The 35-year-old Roethlisberger indicated following Sunday’s Divisional Round loss that he plans to return for the 2018 season, an important disclosure given that he reportedly mulled retirement prior to the 2017 campaign. Coming off a season which was largely in line with his career norms (64.2% completion rate, 28 touchdowns, 92.4 quarterback rating), Roethlisberger sounds as though he’s eager to continue his career through at least next year, and potentially beyond. He’s under contract through 2019, with cap charges of $23.2MM in each season.

Roethlisberger’s relationship with offensive coordinator Todd Haley has reportedly been the source of some strain, and Ian Rapoport of NFL.com reported Sunday that the rapport between the two Steelers “in in as bad of a place as it’s been in years.” Haley’s contract is now expired, per Bouchette, and it’s unclear if he’ll return to Pittsburgh in 2018 after failing to “build support among key players” on the club’s offense. If Haley leaves the Steelers, quarterbacks coach Randy Fichtner would represent a “strong candidate” to become the team’s next offensive coordinator.

Appearing on his local radio show on CBS Pittsburgh this morning, Roethlisberger seemed to refute any concerns regarding Haley. “There’s always issues in a competitive field,” said Roethlisberger, noting that the reported rift is “perceived as a bigger deal” than reality might warrant (Twitter links via Aditi Kinkhabwala of NFL.com). “You might butt heads at times, it doesn’t mean you have any personal problems.”

Photo courtesy of USA Today Sports Images.

Ben Roethlisberger Plans To Return In 2018

Speaking after today’s Divisional Round loss to the Jaguars, Steelers quarterback Ben Roethlisberger told reporters that he plans to continue his NFL career in 2018.Ben Roethlisberger

“I don’t know everybody’s contract situation, but I know the guys up front are signed, and that’s good for me,” said Roethlisberger. “So I look forward to next year with those guys.”

Roethlisberger, 35, mulled retirement prior to the 2017 campaign, and further reports indicated he could consider hanging up his cleats again this offseason. But following a season which was largely in line with his career norms (64.2% completion rate, 28 touchdowns, 92.4 quarterback rating), Roethlisberger sounds as though he’s eager to return in 2018.

As Roethlisberger alluded to, Pittsburgh’s starting offensive line is signed through at least 2018. But one of Roethlisberger’s key weapons — running back Le’Veon Bell — is a pending free agent and has threatened to retire if he’s franchise-tagged for a second consecutive season. Changes could theoretically occur on the Steelers’ coaching staff, as well, as Roethlisberger’s relationship with offensive coordinator Todd Haley is said to be especially strained.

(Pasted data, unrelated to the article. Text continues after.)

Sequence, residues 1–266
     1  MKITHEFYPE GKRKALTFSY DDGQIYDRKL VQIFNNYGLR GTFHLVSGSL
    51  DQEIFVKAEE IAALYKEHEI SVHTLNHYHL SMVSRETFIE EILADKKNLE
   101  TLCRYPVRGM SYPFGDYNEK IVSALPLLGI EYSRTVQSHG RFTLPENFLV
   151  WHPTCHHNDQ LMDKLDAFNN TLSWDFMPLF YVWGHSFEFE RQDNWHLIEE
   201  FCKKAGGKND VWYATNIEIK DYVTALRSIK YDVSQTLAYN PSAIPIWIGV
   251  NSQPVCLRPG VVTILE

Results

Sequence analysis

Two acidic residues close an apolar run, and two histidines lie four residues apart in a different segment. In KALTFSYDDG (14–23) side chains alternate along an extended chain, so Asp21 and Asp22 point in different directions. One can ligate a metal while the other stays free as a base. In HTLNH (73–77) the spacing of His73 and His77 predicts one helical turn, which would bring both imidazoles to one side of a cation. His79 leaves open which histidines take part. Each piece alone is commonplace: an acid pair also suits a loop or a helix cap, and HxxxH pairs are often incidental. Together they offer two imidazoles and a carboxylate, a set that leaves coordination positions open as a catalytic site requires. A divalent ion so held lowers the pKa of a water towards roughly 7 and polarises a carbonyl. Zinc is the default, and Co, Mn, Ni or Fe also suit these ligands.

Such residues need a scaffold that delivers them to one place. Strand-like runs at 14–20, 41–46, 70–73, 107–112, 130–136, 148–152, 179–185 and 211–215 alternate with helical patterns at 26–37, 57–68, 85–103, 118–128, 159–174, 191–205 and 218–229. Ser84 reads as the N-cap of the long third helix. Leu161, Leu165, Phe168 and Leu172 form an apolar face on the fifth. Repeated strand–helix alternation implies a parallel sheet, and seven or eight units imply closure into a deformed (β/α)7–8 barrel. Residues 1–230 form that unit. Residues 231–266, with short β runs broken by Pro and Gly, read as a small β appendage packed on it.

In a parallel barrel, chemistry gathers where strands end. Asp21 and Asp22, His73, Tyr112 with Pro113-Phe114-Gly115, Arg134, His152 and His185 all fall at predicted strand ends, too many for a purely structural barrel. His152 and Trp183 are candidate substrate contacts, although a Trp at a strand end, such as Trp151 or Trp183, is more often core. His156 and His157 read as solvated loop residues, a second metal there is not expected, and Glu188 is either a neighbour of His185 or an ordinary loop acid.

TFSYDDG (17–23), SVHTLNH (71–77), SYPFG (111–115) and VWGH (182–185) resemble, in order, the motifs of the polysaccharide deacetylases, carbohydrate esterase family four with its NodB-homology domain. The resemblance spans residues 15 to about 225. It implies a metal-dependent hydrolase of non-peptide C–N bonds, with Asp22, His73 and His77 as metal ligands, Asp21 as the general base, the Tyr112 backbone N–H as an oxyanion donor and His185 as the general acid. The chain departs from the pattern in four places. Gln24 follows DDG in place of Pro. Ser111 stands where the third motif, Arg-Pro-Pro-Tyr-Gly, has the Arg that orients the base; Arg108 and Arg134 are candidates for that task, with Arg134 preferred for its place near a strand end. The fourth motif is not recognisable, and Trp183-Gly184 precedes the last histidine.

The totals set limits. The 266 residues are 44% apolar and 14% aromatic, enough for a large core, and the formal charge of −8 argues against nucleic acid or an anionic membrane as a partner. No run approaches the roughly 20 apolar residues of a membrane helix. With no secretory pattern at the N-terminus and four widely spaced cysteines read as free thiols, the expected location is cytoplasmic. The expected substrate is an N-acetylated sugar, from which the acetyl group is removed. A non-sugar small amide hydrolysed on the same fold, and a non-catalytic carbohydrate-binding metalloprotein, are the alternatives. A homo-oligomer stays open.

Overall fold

The Steelers don’t have much of a succession plan to replace Roethlisberger for the long term, as neither backup Landry Jones or 2017 fourth-round pick Joshua Dobbs are considered realistic starters. As such, Pittsburgh has been eyeing 2018 draft-eligible quarterbacks closely, per Mike Garafolo of NFL.com (Twitter link), and could select a passer in this year’s draft.

Photo courtesy of USA Today Sports Images.

Steelers Notes: Brown, Bell, Haley

Antonio Brown is likely to play in the Steelers’ divisional round contest against Jacksonville this afternoon, as ESPN.com’s Adam Schefter reports, although Schefter adds that Brown’s injured calf is not close to being fully healed. The league’s top wideout, who is one month removed from the partially torn left calf muscle that forced him to miss the final two games of the regular season, will go through pregame warmups to test the calf, but as Jason La Canfora of CBS Sports tweets, every expectation is that Brown will play and will play regularly. Brown was forced to miss Friday’s practice because of an illness, but he was a full participant in practices on Wednesday and Thursday, and Gerry Dulac of the Pittsburgh Post-Gazette tweets that Brown’s illness will not impact his playing status [Twitter update: Brown is active, per Schefter].

Now for several more notes on the AFC North champions: